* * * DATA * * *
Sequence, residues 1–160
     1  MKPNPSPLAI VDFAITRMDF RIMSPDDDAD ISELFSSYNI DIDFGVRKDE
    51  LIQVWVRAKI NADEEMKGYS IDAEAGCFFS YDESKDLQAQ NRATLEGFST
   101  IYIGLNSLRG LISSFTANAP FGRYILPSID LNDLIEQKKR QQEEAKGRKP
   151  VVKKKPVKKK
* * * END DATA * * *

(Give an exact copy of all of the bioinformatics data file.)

Sequence, residues 1–160
     1  MKPNPSPLAI VDFAITRMDF RIMSPDDDAD ISELFSSYNI DIDFGVRKDE
    51  LIQVWVRAKI NADEEMKGYS IDAEAGCFFS YDESKDLQAQ NRATLEGFST
   101  IYIGLNSLRG LISSFTANAP FGRYILPSID LNDLIEQKKR QQEEAKGRKP
   151  VVKKKPVKKK